What Is the Best Scottish Ale? (Our Top 10 Picks)

Although not as well known as Belgian beers, Scottish ales are making somewhat of a resurgence on the American craft beer scene.

Whether it’s the influence of the Scottish ex-pat community or craft beer fans who want a more malty style of beer with fewer hops, there are now many examples of Scottish ales available in the US. Many of our favorite craft breweries even brew their own Scottish ales.

Scotland may only harbor one-tenth of the population of its nearest neighbor, England, but Scottish brewing traditions go back centuries.

In the 18th and 19th centuries, Scottish brewers were active in exporting their beer all around the globe and were even the first country in the British Isles to begin mass production of beer. As well, they were the first British brewers to make lagers.

While it can be relatively easy to find a stronger Scottish Ale, i.e., the Wee Heavys or Scotch Ales you see in many bars, finding one of the lighter shilling styles of ales can be more difficult here in the US.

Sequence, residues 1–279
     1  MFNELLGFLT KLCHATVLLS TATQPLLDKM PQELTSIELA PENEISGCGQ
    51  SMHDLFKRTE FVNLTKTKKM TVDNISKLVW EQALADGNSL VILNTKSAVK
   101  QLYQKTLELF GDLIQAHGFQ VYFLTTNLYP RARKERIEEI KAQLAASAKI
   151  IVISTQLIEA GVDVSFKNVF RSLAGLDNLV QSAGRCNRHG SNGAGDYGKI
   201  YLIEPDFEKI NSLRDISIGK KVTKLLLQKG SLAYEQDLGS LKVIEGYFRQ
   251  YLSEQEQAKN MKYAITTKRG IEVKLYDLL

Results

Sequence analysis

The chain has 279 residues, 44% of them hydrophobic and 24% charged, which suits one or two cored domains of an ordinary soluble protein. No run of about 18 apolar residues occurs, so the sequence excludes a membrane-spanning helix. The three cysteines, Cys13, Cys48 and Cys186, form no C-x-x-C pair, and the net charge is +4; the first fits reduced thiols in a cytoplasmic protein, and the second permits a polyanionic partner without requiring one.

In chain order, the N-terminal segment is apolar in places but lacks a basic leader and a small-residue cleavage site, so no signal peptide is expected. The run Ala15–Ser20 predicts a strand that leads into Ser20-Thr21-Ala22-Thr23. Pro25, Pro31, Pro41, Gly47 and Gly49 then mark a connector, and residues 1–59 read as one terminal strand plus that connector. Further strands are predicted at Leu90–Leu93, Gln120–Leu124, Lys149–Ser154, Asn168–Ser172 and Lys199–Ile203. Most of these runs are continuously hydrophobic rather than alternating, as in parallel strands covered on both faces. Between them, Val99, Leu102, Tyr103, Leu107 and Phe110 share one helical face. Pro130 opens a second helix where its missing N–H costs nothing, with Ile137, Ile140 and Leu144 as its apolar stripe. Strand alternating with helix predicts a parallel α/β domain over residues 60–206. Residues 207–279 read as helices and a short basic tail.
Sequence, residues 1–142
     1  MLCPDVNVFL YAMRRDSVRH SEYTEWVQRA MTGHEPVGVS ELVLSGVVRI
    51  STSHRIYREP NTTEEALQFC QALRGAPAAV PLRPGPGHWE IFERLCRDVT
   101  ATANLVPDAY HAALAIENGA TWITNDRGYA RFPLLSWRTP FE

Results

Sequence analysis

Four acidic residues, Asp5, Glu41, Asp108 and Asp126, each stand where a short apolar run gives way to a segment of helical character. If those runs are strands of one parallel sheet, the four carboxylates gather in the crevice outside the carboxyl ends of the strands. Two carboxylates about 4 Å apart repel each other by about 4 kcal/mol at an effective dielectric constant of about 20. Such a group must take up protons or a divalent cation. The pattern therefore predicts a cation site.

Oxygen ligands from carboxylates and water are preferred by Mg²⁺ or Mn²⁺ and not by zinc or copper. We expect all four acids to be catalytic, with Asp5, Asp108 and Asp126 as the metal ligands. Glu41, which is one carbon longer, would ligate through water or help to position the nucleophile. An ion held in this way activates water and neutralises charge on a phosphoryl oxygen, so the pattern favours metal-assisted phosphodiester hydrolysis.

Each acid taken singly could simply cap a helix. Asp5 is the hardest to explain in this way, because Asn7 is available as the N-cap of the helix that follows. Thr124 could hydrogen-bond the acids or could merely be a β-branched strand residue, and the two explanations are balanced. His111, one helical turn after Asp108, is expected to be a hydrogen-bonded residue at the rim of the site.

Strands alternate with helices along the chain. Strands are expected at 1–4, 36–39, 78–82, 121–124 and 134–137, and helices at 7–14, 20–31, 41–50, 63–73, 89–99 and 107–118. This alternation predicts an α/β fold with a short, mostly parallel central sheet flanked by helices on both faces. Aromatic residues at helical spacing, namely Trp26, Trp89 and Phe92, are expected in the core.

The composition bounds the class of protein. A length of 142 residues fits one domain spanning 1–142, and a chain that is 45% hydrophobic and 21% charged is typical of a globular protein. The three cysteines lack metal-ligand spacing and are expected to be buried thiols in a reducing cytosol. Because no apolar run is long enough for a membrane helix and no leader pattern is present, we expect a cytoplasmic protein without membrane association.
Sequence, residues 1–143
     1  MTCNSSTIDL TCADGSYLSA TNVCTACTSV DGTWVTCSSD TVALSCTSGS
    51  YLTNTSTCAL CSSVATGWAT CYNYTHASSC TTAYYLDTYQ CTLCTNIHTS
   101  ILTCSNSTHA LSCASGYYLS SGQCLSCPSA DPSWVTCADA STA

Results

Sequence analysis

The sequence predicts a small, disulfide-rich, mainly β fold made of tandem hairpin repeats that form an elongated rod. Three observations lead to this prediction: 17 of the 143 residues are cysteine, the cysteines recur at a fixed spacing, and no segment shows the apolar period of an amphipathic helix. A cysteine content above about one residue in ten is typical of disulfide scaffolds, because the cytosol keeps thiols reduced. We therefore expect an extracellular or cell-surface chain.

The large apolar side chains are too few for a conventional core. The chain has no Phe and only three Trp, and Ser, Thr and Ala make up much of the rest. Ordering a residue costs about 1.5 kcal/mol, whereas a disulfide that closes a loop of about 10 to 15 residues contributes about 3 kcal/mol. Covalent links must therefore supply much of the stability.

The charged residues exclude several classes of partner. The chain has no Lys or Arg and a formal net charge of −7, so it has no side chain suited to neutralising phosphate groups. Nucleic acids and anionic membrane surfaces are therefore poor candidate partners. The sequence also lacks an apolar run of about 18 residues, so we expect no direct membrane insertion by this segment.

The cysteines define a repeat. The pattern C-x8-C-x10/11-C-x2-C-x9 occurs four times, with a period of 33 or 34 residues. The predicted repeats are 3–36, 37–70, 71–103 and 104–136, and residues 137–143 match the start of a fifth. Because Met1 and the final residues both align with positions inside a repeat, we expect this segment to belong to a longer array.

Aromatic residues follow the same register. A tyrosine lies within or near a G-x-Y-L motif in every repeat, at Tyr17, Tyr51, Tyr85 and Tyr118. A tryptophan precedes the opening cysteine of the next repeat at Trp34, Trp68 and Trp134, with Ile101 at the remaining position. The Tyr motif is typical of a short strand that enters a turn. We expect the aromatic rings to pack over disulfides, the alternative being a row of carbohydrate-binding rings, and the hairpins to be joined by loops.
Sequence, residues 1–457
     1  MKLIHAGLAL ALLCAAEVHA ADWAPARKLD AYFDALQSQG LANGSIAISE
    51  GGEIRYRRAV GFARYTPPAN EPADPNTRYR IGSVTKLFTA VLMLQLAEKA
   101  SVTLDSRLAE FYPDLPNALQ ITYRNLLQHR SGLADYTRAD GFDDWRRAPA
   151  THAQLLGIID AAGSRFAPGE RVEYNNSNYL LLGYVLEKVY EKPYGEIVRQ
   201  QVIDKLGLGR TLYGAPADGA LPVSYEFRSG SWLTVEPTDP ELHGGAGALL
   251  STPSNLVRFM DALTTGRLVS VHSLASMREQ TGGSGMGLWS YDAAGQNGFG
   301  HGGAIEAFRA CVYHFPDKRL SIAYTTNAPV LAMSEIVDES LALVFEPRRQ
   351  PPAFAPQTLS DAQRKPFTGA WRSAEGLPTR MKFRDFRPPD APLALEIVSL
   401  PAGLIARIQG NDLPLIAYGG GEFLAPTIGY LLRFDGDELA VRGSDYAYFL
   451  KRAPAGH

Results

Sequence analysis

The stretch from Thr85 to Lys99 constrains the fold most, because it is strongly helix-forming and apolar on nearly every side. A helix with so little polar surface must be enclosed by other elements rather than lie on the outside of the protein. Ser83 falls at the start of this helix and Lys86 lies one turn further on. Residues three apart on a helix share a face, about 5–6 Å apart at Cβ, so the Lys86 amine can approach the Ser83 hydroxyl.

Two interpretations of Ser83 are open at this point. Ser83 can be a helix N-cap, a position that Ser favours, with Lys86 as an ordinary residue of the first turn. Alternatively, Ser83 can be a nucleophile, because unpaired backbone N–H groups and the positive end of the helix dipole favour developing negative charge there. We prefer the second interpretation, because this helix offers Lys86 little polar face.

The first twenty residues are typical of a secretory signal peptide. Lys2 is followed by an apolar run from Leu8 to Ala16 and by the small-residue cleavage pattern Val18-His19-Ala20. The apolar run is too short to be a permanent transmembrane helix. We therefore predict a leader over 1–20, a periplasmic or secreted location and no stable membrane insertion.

Let’s take a look a the different styles of Scottish ales before listing the 10 best Scottish ale beers you can find in the US today, both Scottish-brewed and American-produced.

You’ll be surprised to even find one of those Belgian beers in our top 10 masquerading as a Scottish ale!

What Is a Scottish Ale?

Scottish flag
Photo by Chris Robert on Unsplash

Over the centuries, the geographical climate and political conditions of Scotland have had more influence on the style of Scottish ale than the will of the Scottish brewers.

Scotland has been and still is a largely agricultural country with over three-quarters of the land still being farmed. Barley remains the major crop and is better known in the Northern Highlands for its use in the worldwide famous malt whiskies, which are exported globally.

However, in the south, the barley produced is better suited to the brewing of beer and has been readily available to Scottish brewers throughout their history.

By comparison, Scotland’s harsh climate proved inhospitable to the cultivation of hops, with Scottish brewers having to find other bittering and aroma agents, including botanicals like heather, ginger, pepper, and other aromatic spices.